In 1969, CBS television fired the Smothers Brothers from their high-rated comedy variety show for being too outspoken against the Vietnam War. Among other things, they had on blacklisted guest Pete Seeger who sang “Waist Deep In The Big Muddy,” an anti-war song about a captain who orders his men into a bog despite the obvious senselessness of the command.
One morning in the first week of June, in that awful year 1968, my sister walked into my bedroom and told me that Bobby had just been shot. We looked at each other and then, as sometimes inexplicably happens in the face of overwhelming news, we involuntarily laughed in confused terror; for only two months before—almost to the day—Martin Luther King had also been assassinated. We knew then, my sister and I, even as the teenagers we were, that something was horribly, horribly wrong about the country we were growing up in.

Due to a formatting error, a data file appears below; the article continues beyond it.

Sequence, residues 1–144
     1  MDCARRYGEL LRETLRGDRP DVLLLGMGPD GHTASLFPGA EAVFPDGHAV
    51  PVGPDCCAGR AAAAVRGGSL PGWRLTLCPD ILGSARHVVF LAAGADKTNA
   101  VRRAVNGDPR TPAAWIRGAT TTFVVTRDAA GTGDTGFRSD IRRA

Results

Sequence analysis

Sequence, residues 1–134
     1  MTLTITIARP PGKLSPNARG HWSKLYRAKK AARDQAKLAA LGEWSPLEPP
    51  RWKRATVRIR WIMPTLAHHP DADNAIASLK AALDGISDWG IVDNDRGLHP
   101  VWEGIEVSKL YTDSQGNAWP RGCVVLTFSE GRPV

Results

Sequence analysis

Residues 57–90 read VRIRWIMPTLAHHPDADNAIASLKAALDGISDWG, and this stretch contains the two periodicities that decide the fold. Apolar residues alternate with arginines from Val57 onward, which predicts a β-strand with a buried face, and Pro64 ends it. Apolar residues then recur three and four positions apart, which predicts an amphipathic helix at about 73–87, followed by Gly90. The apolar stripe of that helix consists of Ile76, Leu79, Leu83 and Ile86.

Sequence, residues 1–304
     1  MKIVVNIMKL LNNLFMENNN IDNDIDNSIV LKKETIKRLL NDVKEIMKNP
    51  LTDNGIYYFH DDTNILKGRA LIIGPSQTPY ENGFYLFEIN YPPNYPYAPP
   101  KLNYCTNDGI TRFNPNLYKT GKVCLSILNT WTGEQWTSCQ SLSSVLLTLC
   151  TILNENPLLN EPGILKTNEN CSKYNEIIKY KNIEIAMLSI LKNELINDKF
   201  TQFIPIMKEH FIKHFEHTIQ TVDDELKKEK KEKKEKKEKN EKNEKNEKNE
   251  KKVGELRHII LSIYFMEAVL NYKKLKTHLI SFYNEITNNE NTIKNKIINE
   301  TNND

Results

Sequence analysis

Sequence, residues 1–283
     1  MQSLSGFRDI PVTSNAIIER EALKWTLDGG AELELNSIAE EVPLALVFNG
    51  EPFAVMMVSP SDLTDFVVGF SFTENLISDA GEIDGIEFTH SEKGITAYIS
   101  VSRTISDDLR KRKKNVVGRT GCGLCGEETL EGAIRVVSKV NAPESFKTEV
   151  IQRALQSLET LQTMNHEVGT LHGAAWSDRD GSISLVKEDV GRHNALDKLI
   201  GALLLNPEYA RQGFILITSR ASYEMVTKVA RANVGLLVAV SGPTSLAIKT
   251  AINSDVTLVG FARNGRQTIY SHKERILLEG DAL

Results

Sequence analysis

Songwriter Dick Holler wrote a song about it, and it was sung, improbably, by the same doo-wop singer who a decade earlier had sung “Why Must I Be A Teen-ager in Love?” Looking back now, the song was perhaps overly sentimental, but when we heard it on the radio and the Smothers Brothers program a few months after the killings, it was a comfort, and it seemed that Dion was talking straight to our hearts.
Monday morning, we looked around and they were still gone.